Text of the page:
This will be short and sweet (probably). But I just wanted to put in some thoughts about YouTube storytelling- particularly the literary adaption trend (The Lizzie Bennet Diaries).
Generally, I like it. Granted, there can be some redundancy in a couple of characters telling us everything. To overcome this problem a lot of them like to insert “I left the camera on” moments where action is caught on camera. These moments are a little contrived, but I generally don’t mind them if the rest of the story is told well.
I think it’s fun to tell the stories in a modern fashion with 3-5 minute videos. When you add up the screen time of some of these series they are longer than an average feature film would be.
From a writer’s perspective it must be an interesting challenge. Each episode needs to be short, convey important plot or character information, and stick within strict boundaries. There are few opportunities for changing point of view. Contrary to popular storytelling advice, a lot of these series are tell and not show. But I think a lot of them have done very well. Two of my favorites are “The Lizzie Bennett Diaries” and “Emma Approved.” Contrary to popular opinion, I liked “Emma Approved” better. (Darcy was awkward and unbelievable to me)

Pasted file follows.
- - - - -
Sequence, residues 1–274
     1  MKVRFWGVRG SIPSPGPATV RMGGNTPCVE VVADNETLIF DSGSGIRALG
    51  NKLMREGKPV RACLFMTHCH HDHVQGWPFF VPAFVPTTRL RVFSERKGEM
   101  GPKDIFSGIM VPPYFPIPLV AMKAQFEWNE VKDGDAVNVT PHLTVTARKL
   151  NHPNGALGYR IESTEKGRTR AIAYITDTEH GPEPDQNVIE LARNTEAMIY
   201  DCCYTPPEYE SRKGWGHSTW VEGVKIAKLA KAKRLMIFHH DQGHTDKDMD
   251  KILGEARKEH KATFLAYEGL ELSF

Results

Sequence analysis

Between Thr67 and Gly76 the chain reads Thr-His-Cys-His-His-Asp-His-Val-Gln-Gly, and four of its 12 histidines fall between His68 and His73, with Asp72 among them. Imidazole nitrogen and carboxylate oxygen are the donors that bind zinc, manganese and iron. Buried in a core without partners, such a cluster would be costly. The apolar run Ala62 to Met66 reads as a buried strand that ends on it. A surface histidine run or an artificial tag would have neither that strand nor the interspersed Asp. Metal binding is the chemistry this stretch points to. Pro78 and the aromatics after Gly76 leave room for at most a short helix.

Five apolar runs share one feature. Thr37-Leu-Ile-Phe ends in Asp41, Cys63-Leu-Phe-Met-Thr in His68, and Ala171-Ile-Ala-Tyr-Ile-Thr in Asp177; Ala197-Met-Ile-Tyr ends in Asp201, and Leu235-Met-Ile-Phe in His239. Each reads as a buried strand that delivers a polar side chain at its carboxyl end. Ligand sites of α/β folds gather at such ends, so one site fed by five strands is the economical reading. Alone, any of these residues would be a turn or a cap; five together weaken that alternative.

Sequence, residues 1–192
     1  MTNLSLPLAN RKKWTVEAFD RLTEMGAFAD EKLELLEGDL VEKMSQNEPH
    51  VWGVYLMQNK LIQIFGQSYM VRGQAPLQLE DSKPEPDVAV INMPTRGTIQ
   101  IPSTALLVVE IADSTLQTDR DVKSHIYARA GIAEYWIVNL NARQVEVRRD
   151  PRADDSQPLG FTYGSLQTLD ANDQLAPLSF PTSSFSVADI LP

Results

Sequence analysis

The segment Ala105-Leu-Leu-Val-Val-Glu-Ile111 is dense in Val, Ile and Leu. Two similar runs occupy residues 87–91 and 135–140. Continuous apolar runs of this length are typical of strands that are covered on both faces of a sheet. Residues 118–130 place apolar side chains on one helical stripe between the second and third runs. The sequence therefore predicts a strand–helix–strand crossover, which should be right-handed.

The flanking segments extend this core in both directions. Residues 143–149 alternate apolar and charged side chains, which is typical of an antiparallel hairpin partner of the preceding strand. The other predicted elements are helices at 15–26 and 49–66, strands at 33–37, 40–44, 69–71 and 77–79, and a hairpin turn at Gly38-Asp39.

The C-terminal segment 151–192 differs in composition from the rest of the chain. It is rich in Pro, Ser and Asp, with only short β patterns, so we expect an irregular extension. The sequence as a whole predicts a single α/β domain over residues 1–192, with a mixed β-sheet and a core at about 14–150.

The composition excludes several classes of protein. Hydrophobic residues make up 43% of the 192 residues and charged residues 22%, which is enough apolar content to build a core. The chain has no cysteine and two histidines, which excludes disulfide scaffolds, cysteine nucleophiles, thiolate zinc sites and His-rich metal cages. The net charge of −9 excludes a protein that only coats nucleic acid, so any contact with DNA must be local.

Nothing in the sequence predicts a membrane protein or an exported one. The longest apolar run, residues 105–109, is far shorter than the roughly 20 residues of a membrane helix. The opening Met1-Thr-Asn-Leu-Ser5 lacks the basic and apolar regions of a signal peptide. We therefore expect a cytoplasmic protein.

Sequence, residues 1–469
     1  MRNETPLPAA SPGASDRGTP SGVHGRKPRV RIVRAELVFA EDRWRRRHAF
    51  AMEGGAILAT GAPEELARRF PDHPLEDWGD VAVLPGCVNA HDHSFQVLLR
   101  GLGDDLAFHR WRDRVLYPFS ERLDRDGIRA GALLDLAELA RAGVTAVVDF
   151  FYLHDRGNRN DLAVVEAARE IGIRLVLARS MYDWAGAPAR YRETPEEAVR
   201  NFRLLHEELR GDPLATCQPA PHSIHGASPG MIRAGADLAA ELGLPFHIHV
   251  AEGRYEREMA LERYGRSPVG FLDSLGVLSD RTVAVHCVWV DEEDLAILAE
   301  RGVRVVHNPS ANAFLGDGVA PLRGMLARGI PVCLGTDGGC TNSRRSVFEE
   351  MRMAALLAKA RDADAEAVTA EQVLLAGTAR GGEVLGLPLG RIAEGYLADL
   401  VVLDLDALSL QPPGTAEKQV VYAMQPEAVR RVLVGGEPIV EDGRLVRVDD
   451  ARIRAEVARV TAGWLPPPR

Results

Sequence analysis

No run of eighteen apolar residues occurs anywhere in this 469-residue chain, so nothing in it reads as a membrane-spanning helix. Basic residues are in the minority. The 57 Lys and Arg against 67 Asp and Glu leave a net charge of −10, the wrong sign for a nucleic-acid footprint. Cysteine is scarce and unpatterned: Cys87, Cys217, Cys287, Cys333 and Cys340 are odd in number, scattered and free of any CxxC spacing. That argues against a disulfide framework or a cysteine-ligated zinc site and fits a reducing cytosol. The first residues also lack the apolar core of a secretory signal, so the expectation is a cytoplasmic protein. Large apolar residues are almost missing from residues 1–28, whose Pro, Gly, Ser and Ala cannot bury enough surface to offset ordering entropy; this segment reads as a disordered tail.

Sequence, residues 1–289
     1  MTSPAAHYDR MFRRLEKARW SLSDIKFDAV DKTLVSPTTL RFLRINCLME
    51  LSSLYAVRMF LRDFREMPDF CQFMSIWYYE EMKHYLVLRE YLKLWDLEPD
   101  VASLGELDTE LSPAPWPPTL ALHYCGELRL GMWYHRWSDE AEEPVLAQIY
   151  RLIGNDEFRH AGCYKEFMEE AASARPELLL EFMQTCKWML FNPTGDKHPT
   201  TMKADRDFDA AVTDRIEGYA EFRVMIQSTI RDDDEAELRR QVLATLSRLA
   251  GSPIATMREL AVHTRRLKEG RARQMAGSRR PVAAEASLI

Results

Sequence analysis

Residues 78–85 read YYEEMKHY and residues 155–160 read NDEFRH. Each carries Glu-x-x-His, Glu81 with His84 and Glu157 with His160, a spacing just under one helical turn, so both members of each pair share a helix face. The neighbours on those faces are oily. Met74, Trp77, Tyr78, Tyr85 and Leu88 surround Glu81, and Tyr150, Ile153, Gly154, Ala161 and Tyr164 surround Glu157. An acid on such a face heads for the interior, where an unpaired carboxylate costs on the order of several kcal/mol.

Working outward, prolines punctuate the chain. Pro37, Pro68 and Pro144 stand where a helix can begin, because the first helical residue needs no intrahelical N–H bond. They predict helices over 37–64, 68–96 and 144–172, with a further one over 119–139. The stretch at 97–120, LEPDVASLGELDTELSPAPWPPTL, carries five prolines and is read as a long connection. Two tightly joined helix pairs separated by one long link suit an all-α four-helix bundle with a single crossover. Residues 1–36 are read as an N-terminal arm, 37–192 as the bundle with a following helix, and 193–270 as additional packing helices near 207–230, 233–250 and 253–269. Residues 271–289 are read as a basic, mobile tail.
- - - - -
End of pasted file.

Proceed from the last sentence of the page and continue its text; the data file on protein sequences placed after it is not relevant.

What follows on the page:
Another fun aspect about these stories (especially Pemberly Digital ones although there is a slew of other creative adaptations) is the multi-media aspect. Not only do they produce weekly episodes, but each character often has their own twitter account and/or blog from which they post in character and add to the plot. In fact they often use a full spectrum of social media to enhance the story and to interact with fans. It’s a fascinating new version of storytelling!
I am interested to see if it keeps developing. (Another fun, non Pemberly Digital series is “Classic Alice”)